Herbivores Teeth Were More Fearsome than we Initially Thought

By Liceth Alarcon Cuevas, age 13

When you hear the term herbivores, you might think of calm, docile creatures that eat plants, such as bunnies and deer. But this was challenged when scientists discovered a new fossil species: Tiarajudens eccentricus.

Tiarajudens eccentricus is a 260-million-year-old fossil. This new species, slightly larger than a wild pig, is part of an extinct group called therapsids. These mammal-like reptiles were the most abundant four-footed species during the Permian period. Paleontologists found Tiarajudens eccentricus in southern Brazil, near the borders of Uruguay and Argentina.

This short-snouted species had three very distinctive sets of teeth: top and bottom teeth that fit together like human teeth, another set running down the middle of its mouth, and long canines like those of a saber-toothed cat. The top and bottom teeth allowed it to chew with ease. This was important because it was an herbivore. Researchers suspect that its long canines were used by males to fight others of the same species, or to ward off predators.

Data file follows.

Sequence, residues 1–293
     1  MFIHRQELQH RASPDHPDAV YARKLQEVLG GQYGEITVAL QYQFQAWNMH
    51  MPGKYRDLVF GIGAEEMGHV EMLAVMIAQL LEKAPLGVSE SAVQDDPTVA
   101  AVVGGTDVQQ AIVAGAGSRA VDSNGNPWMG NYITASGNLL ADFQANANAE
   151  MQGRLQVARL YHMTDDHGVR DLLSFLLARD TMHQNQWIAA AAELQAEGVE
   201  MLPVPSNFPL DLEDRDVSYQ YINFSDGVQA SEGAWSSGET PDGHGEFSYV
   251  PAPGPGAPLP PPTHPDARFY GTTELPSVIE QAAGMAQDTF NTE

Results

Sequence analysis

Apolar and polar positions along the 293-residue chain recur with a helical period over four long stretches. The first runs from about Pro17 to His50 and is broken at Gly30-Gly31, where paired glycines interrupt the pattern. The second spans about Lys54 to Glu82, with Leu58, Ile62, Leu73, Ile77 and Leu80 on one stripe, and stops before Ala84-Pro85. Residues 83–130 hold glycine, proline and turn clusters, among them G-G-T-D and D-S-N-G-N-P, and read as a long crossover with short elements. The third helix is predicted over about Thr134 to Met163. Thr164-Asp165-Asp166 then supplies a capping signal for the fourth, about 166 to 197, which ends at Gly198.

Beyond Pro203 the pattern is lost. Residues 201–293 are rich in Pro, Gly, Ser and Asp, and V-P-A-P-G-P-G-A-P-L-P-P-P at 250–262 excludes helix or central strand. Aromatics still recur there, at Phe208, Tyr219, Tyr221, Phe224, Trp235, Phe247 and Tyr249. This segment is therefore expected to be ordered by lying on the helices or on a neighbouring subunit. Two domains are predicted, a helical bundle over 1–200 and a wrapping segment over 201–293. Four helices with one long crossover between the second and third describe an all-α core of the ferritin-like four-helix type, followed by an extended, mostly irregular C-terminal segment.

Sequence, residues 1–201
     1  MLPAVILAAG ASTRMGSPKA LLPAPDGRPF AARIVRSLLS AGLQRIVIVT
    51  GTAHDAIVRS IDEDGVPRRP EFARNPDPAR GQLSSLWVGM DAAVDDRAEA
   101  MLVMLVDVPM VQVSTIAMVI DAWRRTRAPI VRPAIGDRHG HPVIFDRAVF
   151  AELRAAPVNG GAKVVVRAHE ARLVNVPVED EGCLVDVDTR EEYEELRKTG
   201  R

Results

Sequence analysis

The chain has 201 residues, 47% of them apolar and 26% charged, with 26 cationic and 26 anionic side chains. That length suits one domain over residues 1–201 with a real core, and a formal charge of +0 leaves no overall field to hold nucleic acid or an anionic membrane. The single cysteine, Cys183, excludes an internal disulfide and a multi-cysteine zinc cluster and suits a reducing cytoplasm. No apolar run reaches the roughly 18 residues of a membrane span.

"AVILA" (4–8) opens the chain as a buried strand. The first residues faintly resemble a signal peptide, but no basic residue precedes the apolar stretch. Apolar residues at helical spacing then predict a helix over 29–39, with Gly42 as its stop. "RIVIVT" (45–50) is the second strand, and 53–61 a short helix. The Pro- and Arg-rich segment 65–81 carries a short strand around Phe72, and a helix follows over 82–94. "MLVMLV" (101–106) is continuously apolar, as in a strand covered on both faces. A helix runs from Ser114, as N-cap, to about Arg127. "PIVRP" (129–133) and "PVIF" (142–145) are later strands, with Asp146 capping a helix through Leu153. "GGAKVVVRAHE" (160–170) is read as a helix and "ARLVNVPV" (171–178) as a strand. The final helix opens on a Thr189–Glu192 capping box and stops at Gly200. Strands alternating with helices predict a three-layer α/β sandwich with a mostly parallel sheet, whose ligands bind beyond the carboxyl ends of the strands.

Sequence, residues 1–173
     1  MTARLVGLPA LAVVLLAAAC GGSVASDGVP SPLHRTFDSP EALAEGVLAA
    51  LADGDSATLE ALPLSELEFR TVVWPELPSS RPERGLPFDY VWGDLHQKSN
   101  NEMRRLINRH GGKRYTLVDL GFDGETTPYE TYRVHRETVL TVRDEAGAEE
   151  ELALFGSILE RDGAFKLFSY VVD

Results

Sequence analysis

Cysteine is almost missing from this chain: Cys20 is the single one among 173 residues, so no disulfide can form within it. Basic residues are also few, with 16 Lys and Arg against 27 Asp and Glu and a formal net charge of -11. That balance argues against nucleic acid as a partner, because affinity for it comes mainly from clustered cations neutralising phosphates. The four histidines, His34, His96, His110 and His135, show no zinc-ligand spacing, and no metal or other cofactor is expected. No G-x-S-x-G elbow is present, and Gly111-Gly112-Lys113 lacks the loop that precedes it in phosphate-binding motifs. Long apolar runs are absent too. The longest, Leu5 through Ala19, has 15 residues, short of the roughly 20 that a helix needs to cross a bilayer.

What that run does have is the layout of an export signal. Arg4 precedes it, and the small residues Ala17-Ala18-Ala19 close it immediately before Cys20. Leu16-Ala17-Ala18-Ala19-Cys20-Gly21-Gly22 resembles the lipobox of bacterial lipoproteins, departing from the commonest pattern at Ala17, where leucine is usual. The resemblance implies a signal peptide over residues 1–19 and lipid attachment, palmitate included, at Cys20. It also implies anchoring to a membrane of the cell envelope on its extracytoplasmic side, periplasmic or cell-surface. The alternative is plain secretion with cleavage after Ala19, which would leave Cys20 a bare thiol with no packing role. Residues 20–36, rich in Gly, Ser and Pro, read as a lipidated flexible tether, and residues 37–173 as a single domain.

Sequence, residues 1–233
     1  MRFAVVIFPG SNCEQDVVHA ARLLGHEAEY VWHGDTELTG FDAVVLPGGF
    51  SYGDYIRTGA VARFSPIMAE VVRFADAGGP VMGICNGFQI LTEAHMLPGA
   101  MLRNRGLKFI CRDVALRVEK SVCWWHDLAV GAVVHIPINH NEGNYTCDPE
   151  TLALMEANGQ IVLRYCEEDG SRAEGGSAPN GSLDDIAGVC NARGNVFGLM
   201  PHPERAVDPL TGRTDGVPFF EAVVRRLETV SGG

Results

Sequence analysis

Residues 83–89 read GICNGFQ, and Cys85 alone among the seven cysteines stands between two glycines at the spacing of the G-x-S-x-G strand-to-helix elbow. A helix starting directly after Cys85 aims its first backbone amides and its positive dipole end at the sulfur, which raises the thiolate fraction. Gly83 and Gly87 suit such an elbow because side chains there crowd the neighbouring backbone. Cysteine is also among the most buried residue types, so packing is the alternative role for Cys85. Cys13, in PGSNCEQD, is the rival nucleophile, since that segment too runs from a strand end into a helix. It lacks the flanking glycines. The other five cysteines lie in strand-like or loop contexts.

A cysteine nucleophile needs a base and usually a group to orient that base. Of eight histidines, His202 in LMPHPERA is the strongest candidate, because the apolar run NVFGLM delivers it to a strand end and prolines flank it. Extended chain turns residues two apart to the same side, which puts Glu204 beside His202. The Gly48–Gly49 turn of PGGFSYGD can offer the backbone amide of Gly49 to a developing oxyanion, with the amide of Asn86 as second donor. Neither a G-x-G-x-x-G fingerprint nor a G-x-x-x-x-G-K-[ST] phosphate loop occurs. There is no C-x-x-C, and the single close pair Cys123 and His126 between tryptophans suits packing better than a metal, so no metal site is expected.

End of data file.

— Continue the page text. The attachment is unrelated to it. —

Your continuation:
The teeth surprised researchers for many reasons. Not only were top and bottom teeth that fit together unusual for this time but also unusual was the way they used their canines. Researchers had thought that canine teeth first appeared in modern herbivores, and were surprised to learn that this ancient species got there first.

This new discovery is making scientists rethink what they believed they knew about the evolution of herbivores, their teeth and survival strategies.

[Source: The New York Times]

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